As a country whose failures have been exposed in the international media and gawked at by the world, as a nation whose economy is predicted to shrink both this year and next, many are advocating that the country’s institutions need to change, but are at the same time sceptical that anything will happen.
At least by this weekend, you should know if the Greek Government has successfully passed the 40 new laws needed as part of the most recent bailout attempt. But whether or not they will work is yet to be seen.
When the Greek economy hit rock-bottom a few years ago, they were injected with hundreds of billions of Euros of bailout loans. Laws were liberalised and government agencies privatised or their work put out on open tender. The hope was that the free market economy would encourage growth and eliminate government largess and corruption. But it hasn’t quite worked.
A report written by Thanassis Cambanis in the Boston Globe late last year said that the Greek in the street sees tax evasion as a duty, and bribing as a way of life – and it isn’t likely to change.
How bad is the problem? A recent economic paper concluded that some professional classes, like accountants and doctors, have monthly loan repayments that are higher than their reported income. The assumption is that Greek banks know that these individuals are vastly under-reporting their income and give them higher loans than they can bear – instead of reporting their suspicions to the taxman!
How does this happen? Tax collectors are accused of taking bribes and help keep the “system” going.
This is not surprising news.Transparency International gave Greece a Corruption Perception Index (CPI) of 48 (ranked 69 in the world). In comparison, Malaysia is slightly better with a score of 52.
Given that it represents perception, it is very likely this score will be lower if calculated now given the recent spate of bad press Malaysia has had recently.
Another indicator is the KPMG Malaysia Fraud, Bribery and Corruption Survey of 2013 which may be a few years out of date, but the results are still eye-opening.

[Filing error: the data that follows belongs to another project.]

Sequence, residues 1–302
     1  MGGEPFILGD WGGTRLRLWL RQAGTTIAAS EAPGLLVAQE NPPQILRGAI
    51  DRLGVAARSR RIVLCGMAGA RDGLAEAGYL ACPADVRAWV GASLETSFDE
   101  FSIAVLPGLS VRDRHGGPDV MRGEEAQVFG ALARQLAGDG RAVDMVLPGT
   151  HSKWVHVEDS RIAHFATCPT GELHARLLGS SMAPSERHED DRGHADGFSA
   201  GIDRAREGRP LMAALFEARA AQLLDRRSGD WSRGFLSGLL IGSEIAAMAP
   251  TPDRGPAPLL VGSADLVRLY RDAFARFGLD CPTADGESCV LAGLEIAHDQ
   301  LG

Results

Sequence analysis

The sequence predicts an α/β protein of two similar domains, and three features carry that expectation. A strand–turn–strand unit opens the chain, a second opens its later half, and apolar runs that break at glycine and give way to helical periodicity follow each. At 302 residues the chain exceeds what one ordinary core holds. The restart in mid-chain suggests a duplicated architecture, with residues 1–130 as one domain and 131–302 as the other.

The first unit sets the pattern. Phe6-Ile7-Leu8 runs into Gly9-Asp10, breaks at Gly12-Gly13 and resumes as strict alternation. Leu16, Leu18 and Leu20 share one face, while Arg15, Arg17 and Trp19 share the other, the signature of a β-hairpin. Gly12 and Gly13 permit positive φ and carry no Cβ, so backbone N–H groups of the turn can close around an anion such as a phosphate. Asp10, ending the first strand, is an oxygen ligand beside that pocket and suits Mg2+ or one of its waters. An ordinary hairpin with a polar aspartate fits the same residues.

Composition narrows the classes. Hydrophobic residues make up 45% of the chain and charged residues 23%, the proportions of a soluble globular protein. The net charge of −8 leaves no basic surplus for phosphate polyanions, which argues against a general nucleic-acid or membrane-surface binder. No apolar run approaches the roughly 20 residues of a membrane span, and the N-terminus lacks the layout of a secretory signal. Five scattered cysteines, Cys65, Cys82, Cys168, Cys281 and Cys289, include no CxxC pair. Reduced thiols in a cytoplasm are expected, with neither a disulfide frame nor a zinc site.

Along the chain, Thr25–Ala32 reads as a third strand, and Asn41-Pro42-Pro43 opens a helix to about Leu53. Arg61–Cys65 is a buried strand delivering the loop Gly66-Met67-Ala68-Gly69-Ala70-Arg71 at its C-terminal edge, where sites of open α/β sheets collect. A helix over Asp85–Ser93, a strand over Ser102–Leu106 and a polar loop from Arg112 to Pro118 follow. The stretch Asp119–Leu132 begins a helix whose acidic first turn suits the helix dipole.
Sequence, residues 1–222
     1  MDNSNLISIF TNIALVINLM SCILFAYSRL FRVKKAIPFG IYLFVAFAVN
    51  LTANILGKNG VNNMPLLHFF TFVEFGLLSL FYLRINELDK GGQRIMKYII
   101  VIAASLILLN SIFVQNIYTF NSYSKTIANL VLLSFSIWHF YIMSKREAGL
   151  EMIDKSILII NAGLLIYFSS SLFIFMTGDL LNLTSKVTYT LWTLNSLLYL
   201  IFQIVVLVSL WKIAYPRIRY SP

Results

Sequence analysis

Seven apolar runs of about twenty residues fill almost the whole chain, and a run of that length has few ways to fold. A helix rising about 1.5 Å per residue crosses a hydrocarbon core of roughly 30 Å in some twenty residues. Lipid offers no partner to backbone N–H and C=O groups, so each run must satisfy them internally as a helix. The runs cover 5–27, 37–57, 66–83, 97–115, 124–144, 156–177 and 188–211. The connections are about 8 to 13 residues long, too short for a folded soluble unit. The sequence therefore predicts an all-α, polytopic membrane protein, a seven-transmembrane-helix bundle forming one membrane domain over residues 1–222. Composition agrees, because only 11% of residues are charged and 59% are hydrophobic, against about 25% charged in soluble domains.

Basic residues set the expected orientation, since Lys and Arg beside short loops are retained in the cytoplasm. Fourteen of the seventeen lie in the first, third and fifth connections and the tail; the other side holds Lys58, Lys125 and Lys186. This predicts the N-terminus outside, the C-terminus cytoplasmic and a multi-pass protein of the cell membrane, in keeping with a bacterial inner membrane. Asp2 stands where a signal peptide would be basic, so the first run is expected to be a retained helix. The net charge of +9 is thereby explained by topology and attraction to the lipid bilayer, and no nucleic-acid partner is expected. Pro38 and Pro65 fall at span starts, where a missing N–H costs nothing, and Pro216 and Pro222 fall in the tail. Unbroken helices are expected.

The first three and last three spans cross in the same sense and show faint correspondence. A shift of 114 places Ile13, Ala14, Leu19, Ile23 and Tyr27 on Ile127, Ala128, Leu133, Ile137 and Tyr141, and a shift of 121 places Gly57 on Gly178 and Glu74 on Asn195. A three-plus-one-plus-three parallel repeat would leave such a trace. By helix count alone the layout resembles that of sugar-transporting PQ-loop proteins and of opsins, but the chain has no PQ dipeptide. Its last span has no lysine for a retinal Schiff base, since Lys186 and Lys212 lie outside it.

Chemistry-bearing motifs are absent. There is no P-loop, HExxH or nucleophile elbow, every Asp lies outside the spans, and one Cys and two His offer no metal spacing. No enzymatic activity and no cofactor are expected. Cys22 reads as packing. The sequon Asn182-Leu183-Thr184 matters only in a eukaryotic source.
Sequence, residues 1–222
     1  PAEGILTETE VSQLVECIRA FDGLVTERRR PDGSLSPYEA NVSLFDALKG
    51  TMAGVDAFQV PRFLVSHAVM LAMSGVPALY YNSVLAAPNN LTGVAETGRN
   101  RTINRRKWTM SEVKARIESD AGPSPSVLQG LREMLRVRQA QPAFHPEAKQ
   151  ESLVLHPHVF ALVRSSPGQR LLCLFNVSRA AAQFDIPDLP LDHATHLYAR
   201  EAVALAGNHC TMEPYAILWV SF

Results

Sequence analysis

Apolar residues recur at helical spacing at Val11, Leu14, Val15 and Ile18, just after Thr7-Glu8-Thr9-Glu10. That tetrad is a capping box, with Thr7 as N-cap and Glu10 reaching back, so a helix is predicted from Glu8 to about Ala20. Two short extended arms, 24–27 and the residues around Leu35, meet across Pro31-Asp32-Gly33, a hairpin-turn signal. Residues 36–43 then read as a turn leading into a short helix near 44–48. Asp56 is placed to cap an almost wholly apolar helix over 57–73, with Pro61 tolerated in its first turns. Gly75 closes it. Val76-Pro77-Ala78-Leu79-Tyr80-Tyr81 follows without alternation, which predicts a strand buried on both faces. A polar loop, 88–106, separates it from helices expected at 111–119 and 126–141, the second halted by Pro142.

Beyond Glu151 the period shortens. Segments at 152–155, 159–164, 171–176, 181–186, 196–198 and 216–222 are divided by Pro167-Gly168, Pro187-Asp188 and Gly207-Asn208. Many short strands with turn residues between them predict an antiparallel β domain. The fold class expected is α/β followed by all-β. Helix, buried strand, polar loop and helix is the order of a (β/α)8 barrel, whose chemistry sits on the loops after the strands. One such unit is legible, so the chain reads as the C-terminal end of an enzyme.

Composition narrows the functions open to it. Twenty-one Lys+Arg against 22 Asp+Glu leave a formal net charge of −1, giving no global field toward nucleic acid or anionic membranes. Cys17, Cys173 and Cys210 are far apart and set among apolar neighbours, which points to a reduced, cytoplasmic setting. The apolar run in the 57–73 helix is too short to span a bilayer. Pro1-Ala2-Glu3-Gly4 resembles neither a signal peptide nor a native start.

The majority of respondents said they believe that “fraud (83%), specifically bribery and corruption (90%) is a major problem for businesses in Malaysia”.
The report continues to say that “a whopping 71% of respondents also believed that bribery and corruption is an inevitable cost of doing business whilst 64% believed that business can’t be done in Malaysia without paying bribes”.
A change in environment can affect culture. And if a country is seen overhauling broken-down institutions and systems, it will also raise public confidence.
What is it about the cultures of the two countries that encourage such malfeasance?
In Greece, the theory posited is that those in positions of power are seen by the public to be corrupt. What little tax they do pay doesn’t seem to be returned in the form of better public services.
As a result, members of the public believe that by not cheating the system themselves, they are being taken for fools. As a result, corruption in Greece has become a culture and a way of life.
On the other hand, we may be envious of a country like Singapore, whose citizens are law-abiding. Except, it seems, when they are in Malaysia. Earlier this year, it was reported that Singapore vehicles account for 518,510 unsettled traffic summonses in Malaysia (an estimated RM75mil). So Singaporeans aren’t so special after all.
In fact, many forget that corruption was a large problem in Singapore in the 1970s. It took the dilligent and hard work of the Corrupt Practices Investigation Bureau (CPIB) to finally bring it under control.
The Singapore Government ascribed its success to a holistic “4A” framework of effective Acts, Agencies, Adjudication and Administration. However, this would not have worked without the strong political will that allowed the CPIB to impose its authority. The motto at the time was: “Keep it Simple, Do it Well”.
One upshot was that government processes were simplified, and the resulting improved processes gave two benefits: there was little advantage in trying to circumvent a now-efficient system, and the public began to see it as a good return for their tax dollars.
We know this can work in Malaysia because it has happened before. For example, renewing passports used to take days, but Pemudah (the Special Taskforce to Facilitate Business) revamped the system in 2008, and now it only takes hours to get a new passport.
Although Pemudah was tasked to improve efficiency, a key resulting side-effect was to reduce corruption.
“Corruption is the creation of time and discretion,” said Tan Sri Mohd Sidek Hassan, the co-chairman of Pemudah at the time. “You limit the time and take away the discretion, you eradicate corruption.”
So a change in environment can affect culture. And if a country is seen overhauling broken-down institutions and systems, it will also raise public confidence.
Yet that may not be enough for countries like Greece. The report I read suggested that despite the recent crises, things did not affect the average citizen badly enough for them to really support change for the better.
The terrible truth is, despite how badly things may seem at the moment, it may have to get worse before we see true change for the better.
Logic is the antithesis of emotion but mathematician-turned-scriptwriter Dzof Azmi’s theory is that people need both to make sense of life’s vagaries and contradictions.